The new social contract

The new social contract

The pandemic saw public support for health workers erupt. Now, that support must translate into a clear, enforceable agreement among governments, businesses and working people to protect public health as a priority

The global groundswell of public acclamation of health and other front-line workers as the COVID-19 pandemic hit country after country carries a powerful message for governments, many of which made political choices over the years to restrict crucial investments in health in order to appear fiscally prudent. The warnings of pandemic risk from scientists were clear, but too many governments chose to ignore them, preferring to save rather than invest, at tremendous cost to human life. Healthcare and other front-line workers have paid a heavy price for the lack of preparedness, even having to resort to plastic bin bags or swimming masks for protection, due to the failure of governments to ensure stocks of personal protective equipment. Where investment was lacking, hospitals were quickly overwhelmed.

Although global spending on health has been increasing in recent years, it has obviously been insufficient. Just 126 countries had social health insurance in 2017, and in low-income countries people are expected to pay for health care mostly from their own pockets. Africa has some 22% of the global disease burden, but only 3% of the world’s healthcare workers – a workforce deficit of over 2 million people on that continent alone.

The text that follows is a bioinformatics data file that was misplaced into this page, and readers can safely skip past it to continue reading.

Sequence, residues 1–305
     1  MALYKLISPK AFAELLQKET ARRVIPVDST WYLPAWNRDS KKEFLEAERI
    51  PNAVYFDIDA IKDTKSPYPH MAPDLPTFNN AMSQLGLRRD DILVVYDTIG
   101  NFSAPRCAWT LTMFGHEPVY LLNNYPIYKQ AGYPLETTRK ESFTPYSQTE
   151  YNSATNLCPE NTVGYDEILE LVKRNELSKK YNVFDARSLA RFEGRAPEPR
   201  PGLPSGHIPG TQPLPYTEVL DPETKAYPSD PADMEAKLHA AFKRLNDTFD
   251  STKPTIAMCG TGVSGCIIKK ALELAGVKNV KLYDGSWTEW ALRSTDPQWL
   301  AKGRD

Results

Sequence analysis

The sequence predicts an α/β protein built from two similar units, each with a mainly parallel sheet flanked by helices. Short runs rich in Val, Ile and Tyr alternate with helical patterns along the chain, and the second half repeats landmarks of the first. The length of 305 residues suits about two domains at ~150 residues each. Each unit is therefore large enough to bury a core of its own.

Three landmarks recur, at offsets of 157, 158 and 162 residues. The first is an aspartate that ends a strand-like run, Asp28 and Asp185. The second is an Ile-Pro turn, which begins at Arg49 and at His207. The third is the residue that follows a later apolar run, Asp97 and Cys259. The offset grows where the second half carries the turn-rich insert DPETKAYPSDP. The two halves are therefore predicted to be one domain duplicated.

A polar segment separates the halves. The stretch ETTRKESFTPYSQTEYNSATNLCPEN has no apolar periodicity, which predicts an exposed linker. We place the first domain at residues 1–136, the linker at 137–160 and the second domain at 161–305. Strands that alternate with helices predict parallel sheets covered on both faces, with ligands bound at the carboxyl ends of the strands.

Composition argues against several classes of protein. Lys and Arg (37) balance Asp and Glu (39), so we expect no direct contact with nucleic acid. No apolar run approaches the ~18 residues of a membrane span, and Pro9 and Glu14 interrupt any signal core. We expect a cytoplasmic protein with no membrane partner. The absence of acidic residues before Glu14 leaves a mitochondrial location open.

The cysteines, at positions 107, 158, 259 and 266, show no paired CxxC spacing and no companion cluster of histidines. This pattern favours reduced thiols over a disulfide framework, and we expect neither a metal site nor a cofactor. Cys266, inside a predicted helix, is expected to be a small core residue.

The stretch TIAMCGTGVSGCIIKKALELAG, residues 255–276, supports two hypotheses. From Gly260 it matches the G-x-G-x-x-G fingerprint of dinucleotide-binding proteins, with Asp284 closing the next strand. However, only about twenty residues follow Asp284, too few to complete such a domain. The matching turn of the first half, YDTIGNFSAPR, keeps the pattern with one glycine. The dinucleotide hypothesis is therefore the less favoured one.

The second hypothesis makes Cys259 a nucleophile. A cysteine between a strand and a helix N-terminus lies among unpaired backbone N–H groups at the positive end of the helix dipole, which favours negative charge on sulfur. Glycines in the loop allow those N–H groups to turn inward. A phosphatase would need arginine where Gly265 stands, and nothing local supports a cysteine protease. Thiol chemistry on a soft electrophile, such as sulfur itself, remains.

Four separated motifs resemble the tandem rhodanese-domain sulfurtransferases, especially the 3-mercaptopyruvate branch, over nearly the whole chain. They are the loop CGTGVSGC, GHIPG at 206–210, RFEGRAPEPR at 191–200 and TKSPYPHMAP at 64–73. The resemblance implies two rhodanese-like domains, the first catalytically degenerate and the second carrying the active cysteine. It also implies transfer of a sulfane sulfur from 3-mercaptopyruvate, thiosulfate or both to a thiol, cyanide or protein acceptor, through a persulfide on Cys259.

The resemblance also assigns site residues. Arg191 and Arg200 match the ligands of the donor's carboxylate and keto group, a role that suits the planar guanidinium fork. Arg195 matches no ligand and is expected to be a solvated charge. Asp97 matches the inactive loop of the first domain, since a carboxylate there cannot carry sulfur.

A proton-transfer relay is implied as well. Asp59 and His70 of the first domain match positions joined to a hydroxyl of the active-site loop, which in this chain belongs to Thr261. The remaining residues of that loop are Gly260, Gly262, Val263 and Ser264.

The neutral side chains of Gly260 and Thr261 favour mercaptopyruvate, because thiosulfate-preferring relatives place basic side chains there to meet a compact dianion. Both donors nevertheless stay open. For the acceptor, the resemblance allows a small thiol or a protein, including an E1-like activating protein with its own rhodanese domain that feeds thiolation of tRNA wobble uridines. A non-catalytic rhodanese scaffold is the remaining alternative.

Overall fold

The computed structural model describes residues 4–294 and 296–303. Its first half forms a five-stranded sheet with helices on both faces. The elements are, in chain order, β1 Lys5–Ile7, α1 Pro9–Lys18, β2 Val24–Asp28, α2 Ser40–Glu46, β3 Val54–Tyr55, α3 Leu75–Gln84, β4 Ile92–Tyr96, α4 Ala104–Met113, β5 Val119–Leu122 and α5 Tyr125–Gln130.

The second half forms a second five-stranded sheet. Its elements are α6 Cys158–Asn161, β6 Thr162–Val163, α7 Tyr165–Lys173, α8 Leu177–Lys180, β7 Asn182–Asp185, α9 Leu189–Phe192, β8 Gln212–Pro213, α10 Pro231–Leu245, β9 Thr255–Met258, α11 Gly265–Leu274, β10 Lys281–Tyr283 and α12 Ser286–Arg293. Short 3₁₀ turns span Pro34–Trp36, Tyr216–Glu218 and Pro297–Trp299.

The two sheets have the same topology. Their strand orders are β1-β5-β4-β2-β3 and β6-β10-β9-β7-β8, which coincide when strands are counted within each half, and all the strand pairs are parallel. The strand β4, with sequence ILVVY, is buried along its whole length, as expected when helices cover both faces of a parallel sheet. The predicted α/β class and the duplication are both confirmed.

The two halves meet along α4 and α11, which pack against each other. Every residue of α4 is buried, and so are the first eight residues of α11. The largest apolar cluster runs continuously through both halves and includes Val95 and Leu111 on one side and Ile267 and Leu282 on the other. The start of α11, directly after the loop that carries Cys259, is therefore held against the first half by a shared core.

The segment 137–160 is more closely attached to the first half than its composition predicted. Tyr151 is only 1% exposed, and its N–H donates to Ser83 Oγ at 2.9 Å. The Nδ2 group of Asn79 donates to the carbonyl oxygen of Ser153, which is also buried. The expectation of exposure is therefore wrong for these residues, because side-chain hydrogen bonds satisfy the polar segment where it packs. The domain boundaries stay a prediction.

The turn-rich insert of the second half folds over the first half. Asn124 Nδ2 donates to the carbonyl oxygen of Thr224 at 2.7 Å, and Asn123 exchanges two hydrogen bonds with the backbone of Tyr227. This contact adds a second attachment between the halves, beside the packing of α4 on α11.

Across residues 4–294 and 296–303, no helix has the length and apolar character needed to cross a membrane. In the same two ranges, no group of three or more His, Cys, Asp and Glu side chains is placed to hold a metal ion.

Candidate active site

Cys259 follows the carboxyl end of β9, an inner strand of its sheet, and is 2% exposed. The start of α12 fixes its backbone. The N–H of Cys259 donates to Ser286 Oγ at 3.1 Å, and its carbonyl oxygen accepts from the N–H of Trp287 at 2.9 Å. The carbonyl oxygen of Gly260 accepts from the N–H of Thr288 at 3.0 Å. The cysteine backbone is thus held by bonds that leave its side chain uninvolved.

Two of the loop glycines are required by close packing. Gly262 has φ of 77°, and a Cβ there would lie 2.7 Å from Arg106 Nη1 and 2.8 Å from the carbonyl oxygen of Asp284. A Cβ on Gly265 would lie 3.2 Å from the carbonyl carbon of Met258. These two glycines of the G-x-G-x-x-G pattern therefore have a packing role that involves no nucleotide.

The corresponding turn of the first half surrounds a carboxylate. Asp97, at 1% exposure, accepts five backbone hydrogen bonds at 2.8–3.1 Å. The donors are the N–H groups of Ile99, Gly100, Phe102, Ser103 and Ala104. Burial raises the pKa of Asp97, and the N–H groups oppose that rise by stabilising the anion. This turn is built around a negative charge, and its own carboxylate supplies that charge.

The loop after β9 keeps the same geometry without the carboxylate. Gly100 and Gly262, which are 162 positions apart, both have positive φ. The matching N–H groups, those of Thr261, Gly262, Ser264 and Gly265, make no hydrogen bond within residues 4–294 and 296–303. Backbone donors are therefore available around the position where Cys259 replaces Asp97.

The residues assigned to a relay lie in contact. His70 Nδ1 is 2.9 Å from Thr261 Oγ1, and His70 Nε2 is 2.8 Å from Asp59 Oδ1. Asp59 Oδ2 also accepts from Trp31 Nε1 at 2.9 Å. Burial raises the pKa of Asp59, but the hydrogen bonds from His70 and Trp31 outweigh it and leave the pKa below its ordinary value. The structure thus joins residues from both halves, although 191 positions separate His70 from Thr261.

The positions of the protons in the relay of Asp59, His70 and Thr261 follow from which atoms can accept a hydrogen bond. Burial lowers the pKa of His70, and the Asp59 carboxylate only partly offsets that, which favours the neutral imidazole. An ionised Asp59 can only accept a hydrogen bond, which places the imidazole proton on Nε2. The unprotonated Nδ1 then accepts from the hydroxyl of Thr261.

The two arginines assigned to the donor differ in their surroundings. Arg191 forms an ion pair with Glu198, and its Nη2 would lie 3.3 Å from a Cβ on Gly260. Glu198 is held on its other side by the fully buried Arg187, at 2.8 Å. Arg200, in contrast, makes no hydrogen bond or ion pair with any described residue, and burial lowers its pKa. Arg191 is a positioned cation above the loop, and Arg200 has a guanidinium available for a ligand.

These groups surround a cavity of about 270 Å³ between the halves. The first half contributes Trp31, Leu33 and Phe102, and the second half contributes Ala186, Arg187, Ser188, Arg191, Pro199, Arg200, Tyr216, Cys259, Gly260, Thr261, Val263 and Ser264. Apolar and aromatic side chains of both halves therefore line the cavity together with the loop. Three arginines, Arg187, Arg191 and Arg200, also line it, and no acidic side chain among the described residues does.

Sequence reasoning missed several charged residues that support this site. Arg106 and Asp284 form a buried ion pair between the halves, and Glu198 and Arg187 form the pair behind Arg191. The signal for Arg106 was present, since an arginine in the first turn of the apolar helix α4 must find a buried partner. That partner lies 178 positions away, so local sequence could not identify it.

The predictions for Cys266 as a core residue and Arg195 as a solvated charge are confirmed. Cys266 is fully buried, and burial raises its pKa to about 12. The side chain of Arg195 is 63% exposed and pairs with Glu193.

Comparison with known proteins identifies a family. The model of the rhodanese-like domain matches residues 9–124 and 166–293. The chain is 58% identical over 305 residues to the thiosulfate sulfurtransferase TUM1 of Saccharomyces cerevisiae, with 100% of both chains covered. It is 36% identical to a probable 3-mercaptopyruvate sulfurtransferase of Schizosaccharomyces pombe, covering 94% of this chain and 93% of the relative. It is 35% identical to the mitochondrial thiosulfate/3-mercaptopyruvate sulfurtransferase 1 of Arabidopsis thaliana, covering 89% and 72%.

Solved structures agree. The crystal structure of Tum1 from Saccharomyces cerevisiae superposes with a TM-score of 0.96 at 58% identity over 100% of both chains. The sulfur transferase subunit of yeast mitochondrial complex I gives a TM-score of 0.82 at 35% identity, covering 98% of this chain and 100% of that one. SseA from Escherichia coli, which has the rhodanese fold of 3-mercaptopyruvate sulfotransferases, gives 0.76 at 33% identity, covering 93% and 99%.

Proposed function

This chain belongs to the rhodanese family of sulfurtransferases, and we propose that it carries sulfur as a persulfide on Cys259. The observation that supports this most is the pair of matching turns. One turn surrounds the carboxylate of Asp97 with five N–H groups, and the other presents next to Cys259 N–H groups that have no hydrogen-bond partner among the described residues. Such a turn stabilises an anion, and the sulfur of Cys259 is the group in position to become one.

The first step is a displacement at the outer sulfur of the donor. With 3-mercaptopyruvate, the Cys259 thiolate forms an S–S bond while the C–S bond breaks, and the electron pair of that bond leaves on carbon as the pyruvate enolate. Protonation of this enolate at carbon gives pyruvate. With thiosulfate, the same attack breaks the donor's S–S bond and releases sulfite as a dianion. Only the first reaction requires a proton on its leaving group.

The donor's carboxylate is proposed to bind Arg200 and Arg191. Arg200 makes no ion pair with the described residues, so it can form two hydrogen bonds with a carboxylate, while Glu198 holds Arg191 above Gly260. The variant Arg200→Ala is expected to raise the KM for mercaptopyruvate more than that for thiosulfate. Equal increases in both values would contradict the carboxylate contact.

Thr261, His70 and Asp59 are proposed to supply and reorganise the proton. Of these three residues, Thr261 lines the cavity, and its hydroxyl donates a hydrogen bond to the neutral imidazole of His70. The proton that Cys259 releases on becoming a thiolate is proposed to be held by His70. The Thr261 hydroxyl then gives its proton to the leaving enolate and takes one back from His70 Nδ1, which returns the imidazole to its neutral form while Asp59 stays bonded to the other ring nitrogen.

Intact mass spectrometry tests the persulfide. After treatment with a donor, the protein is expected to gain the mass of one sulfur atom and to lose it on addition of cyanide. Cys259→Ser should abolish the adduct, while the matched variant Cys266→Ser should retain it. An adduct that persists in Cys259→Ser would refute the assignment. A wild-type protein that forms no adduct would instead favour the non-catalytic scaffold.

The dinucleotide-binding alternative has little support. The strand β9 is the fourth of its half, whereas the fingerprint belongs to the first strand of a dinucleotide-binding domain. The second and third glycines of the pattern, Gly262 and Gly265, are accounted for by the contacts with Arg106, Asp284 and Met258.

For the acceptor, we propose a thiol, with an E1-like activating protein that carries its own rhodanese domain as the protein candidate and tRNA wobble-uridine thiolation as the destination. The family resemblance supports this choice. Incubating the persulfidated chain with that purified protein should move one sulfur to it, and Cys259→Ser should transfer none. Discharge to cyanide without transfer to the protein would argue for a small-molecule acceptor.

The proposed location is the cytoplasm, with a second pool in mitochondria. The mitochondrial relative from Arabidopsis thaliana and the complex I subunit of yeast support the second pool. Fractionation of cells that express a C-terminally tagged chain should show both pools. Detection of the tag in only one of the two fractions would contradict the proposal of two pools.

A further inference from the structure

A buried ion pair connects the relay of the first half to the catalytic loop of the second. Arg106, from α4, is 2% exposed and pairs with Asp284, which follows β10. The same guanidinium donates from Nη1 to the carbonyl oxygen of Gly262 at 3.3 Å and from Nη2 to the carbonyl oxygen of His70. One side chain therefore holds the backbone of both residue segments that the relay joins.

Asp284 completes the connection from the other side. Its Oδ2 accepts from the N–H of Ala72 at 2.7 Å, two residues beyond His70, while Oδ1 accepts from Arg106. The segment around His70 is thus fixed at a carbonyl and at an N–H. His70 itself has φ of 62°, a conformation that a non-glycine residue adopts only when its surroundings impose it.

The pandemic has brutally exposed the flaws of the global economic system, in health, employment, social protection, rights to sick leave and virtually every other aspect of the economy. Global polling by the International Trade Union Confederation in 2018 revealed that 59% of working people were only just managing financially, struggling to make ends meet, or going without essentials or falling into debt. And 23% of people felt that their job was insecure.

With the world economy in intensive care, recovery and resilience must be the prime concerns. We need recovery to regenerate jobs and sustainable growth, and resilience to fix the failings and precarity of the current system and to equip the world to deal with new COVID-19 outbreaks and new pandemics along with existing global health challenges.

Massive investment in health, child care, aged care and social protection must be at the core of recovery and resilience. Existing deficits in infrastructure, education, connectivity and other areas must be addressed. Hundreds of millions of jobs, and many more livelihoods in the informal economy, have been destroyed. Job creation needs to be a primary objective of recovery, to meet the vital social and economic needs that existed before the pandemic and have now grown by orders
of magnitude.

Resilience alongside recovery